In Bitbucket Server, can read access be restricted to a specific branch or branch pattern?

This question is in reference to Atlassian Documentation: Using branch permissions

Hi, I am aware that you can restrict write access to branch patterns via 'prevent all changes' and other restrictions which are mostly about what you can push to repository, but does anyone know if it is possible to restrict read access to a specific branch?

 Thanks!

1 answer

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Not that I'm aware of - it would be difficult/impossible since the cloned repo has all of the commits in it and the underlying git model affords no such security.

Many thanks Rich,

that was my assumption also but I thought it was worth asking. I have been looking at how to translate a Gitolite configuration to Bitbucket Server permission settings.

In Gitolite it seems you can specify that a user can only read from the master branch for example. In practice, this presumably means that the remote only serves commits reachable from master, which I would have thought is quite doable technically (in fact I am sure that the client could configure that via a refspec)

Best Regards,

Philip

So how does that work when you clone a repository? 

If you have read access to master branch only, when you clone you get a repository with the master branch and all commits reachable from it, but no other branches (or commits only reachable from those other branches).

You can actually choose to do this (with any remote) by doing: 

git clone remote-url --branch master --single-branch

but I was hoping there might be a way to force that via a server permission

You might check to see if anyone has implemented a plugin that provides that capability, otherwise you could explore using a forking approach perhaps - this wouldn't be as straight forward of course.

Thanks for your ideas on this. When I looked on the Marketplace there was not anything obvious. With forking, I could create another repo which just has the master branch of the original one, but I am not sure how this could be kept in sync (fork syncing would presumably update all branches). However the answer may be to simply accept that branch based read restrictions are not supported smile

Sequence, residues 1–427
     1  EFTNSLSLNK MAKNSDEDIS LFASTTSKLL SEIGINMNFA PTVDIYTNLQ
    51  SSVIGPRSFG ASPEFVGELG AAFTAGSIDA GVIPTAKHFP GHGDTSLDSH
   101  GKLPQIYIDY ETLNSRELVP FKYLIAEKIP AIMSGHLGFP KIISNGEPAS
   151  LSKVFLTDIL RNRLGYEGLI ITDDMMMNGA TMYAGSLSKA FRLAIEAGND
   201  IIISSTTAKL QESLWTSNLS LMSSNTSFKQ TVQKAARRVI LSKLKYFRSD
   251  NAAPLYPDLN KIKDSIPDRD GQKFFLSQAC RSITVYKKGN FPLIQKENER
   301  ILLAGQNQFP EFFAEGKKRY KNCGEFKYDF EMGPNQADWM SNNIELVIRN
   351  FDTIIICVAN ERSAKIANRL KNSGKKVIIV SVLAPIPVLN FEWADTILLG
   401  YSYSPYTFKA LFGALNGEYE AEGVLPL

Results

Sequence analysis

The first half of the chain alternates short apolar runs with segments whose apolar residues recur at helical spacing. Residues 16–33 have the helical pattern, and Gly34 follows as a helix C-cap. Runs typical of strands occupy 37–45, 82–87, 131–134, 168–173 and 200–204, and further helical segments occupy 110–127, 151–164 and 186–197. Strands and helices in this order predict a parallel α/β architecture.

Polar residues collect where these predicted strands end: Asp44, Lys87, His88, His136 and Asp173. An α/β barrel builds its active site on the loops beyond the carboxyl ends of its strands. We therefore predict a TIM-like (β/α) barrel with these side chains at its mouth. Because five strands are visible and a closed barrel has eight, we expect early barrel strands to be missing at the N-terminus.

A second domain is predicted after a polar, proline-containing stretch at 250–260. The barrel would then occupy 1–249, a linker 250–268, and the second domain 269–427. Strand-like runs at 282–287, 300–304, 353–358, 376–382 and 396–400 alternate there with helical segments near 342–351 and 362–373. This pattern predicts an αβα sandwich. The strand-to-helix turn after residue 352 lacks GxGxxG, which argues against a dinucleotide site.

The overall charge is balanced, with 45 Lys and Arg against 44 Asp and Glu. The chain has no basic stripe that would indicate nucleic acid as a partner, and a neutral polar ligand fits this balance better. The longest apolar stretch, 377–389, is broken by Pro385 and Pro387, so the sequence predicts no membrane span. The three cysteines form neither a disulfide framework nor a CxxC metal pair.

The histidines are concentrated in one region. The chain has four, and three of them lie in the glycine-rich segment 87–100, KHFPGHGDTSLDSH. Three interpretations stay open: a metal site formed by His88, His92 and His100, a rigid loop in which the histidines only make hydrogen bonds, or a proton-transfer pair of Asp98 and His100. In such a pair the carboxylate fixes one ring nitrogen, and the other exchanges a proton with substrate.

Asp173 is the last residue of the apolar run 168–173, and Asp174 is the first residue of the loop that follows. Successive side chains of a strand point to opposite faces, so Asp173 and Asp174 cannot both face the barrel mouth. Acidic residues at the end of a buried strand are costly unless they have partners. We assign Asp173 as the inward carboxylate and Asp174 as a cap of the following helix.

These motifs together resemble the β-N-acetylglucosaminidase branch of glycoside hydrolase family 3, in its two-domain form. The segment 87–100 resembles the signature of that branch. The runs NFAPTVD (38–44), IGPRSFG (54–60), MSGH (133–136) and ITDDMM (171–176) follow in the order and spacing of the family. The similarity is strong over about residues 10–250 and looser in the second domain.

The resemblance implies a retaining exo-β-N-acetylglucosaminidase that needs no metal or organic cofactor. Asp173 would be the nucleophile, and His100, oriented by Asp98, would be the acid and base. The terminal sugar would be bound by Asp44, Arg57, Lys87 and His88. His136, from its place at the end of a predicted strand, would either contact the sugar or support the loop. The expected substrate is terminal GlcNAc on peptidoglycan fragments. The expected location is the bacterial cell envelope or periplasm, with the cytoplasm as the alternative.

I am looking for this same exact solution. Philip, did you find a solution? I want my manufacturing team and suppliers to only be able see Main and not the development branches. This is for mistake proofing, so they don't end up downloading from the branches.

Hi Parth, my current assumption is that this cannot be done using standard functionality or add-ons. As discussed above I don't agree that there is some fundamental reason why this couldn't be done , since you can elect to fetch only commits of certain branches via a branch based clone or a refspec. However I do not believe there is currently an easy way to enforce it via Bitbucket Server. Thanks, Philip 

Dear @Philip Armour

did you find the solution ? I have the same situation on my team.

cc: @Parth Jariwala@Rich Duncan

Cheers

Hi @Sina Fereshteh , apologies for delay in responding. As far as I am aware, the comment I made on Oct 13 is still true: there is no way to limit repository read-access to certain branches (which really means limiting transfer of the reachable commits from branch references). 

If you really need to restrict the read-access to some branches I recommend that you use a fork of the repository for the branches which you need to restrict. You can then restrict read-access to the fork. This achieves a similar outcome.

Hope that helps,

Philip

Gulshan Singh I'm New Here Tuesday

Hi @Philip Armour, I am a new user of Git.

I also want to restrict read access to a branch or folder in a repository. When I fork a repository, then entire repo will be copied to the new repo. Then what's next?

Can you please expaing it more details so user's like me will be able to understand.

Hi @Gulshan Singh

first I would consider carefully whether you really do need to restrict read-access to certain branches, because any solution comes with overheads and this is a non-standard pattern in git.

The idea with the fork is you have another copy of the repo which contains only the branches you want to restrict access to. After forking, you delete these branches in the original repository (so they now only exist in the fork).

Then by controlling read-access to the fork you are controlling read-access to the branches.

Hope that is a bit clearer,

Philip

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